Last week at lunch a coworker and I started a conversation based on what we both were eating that afternoon – salad.
I told her that I was on a quest to lose 20 pounds so that I could attempt to drop down to 190 before we headed to Brazil in mid-June (and so that I could fit in that Brazilian Speedo of mine. I’m kidding).
And thus became a 40-minute conversation that ended with her saying, “Wow, you’re full of interesting stories.”
I don’t find myself interesting nor have I thought of myself as a storyteller (that’s usually my dad’s job), or one that has a ton of life-experience stories.
But maybe I am full of interesting stories. After all, in a 40-minute conversation we talked about how I met my Brazilian wife and how my family and I battled my wife’s leukemia.
All that led to one last interesting story that I teased as she walked away, “Oh yah, and tomorrow she’ll be sworn in as a U.S. citizen.”
There is one constant through these stories, and it’s my wife.
Anyone that has met, or that has gotten to know my wife, knows that she’s normally not an exciting person.
In fact, she’d be the first to say that she’s kinda boring. She doesn’t get too excited about anything. She likes to remain drama-free. She remains calm during stressful situations. She doesn’t get too angry or too sad (or even too happy). She’s laid back, easygoing, and the most low maintenance female you’ll ever meet.
So it’s funny that when I share these stories the main character is my wife.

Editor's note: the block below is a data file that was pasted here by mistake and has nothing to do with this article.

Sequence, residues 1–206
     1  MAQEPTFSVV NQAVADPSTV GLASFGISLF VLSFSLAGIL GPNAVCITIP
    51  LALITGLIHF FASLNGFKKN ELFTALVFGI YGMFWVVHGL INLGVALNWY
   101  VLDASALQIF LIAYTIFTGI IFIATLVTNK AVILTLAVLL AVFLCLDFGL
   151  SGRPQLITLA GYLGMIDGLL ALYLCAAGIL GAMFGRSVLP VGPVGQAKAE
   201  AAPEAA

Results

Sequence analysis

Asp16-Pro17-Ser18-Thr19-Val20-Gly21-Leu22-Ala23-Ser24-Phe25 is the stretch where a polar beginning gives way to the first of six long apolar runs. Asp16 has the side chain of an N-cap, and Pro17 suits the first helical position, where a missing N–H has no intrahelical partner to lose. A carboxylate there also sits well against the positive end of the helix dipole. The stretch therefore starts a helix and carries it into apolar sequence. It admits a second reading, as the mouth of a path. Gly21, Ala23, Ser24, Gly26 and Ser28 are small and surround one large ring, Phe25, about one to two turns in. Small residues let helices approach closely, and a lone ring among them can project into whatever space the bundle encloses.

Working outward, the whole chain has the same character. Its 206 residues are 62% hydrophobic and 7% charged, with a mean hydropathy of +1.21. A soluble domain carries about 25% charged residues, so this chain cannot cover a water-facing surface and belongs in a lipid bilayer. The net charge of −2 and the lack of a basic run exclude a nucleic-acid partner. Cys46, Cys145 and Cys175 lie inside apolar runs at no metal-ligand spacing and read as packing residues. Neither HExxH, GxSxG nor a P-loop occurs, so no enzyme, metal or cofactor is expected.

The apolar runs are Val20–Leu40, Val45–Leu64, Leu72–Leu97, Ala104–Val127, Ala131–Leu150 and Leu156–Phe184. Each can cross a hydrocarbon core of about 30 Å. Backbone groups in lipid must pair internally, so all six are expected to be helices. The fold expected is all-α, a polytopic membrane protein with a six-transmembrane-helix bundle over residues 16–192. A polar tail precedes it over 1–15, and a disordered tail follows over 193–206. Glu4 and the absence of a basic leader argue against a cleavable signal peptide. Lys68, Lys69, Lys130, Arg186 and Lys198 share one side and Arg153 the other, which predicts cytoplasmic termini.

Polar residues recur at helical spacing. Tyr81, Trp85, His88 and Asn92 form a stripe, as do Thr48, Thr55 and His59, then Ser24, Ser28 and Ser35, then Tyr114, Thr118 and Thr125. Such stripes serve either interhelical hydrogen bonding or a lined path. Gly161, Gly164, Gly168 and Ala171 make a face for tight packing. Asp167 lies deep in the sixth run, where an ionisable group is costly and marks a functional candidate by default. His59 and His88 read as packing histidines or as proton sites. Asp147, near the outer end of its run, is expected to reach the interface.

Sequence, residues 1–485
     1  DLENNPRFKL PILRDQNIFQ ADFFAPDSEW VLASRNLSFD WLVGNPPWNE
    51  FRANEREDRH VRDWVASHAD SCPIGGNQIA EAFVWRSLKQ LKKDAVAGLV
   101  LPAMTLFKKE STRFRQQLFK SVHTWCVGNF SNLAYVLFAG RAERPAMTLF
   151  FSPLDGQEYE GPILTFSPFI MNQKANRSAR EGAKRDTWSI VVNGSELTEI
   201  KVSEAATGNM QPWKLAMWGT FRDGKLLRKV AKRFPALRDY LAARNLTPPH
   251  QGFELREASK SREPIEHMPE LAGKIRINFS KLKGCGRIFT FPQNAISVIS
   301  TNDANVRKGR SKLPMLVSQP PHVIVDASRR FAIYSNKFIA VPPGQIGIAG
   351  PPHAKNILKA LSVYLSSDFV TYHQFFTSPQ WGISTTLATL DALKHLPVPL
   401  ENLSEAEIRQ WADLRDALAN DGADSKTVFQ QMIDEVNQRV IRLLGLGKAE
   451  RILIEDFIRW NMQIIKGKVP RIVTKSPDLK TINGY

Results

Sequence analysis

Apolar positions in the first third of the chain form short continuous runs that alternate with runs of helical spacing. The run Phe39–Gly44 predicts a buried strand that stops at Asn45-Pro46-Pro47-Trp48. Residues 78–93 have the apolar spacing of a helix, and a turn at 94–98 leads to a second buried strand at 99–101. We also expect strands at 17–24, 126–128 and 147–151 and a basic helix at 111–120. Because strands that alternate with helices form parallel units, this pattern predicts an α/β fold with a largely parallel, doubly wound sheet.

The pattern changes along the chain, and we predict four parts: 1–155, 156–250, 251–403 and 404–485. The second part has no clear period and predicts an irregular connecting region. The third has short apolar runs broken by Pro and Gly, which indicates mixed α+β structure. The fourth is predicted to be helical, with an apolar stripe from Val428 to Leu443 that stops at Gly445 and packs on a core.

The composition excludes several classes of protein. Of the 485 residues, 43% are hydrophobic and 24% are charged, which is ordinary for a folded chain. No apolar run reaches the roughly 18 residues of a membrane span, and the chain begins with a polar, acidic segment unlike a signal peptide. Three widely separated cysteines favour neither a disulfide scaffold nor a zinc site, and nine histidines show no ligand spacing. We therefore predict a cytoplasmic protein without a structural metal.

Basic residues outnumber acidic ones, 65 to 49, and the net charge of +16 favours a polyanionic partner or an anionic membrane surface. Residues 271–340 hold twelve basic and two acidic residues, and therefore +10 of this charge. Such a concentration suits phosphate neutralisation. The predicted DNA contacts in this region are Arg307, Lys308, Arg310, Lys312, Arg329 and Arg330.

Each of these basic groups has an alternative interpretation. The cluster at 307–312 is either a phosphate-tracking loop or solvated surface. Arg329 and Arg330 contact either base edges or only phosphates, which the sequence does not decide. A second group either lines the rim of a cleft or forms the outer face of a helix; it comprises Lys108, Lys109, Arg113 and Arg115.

On Tuesday Lis was officially naturalized; sworn in as a U.S. citizen after a few months of paperwork, interviews and a pop history quiz that she nailed.
It was an incredible ceremony to witness.
Thirty-eight immigrants (let’s not confuse the word ‘immigrants’ with the word ‘illegal’) from 18 countries being sworn in as U.S. citizens.
It’s an honor us Born in the U.S.A. folks take for granted.
I was happy that my parents, my brother, his wife and our little niece were able to drive over and attend the ceremony. I’m sure it was a positive experience for them all.
I was also happy that the kids got to witness their mom’s achievement.
Lukas is actually starting a fifth-grade citizenship program, on February 1, where he has to learn the facts of becoming a U.S. citizen (shouldn’t we all?), do community service, learn about respecting our flag, and study the 100 questions his mom had to study before she took her citizenship test.
What a great experience for him to witness, and later tell his class about.
How does this immigration to naturalization process work?
It’s one a lot of us aren’t sure about, and a lot of us get wrong.
You’d be surprised how many times we were congratulated with, “You’re not illegal anymore!”
Let’s get this straight, Lis was not illegal, nor has she ever been illegal.
I met her in ’02 when she was living here on a student visa that allowed her to work as an au pair as she attended college courses to better her English. When her visa expired she returned to Brazil. She did not spend one day in this country illegally.
Lis and I were married in Brazil in ’03. And believe it or not, it was because we actually liked each other and each other’s families. Not because she wanted to obtain a Green Card (aka become a lawful permanent resident), so she can come live in what we like to call the “Land of the Free.” Yes, you’d also be surprised at the few times we actually heard the “because of a Green card” murmurs after we were hitched.
We decided to pursue lives in the United States because we were dumb and thought life would be better here. I say dumb because we were both teaching English in Brazil and loving it. To this day the English-school experience was one of my most favorite experiences of my lifetime.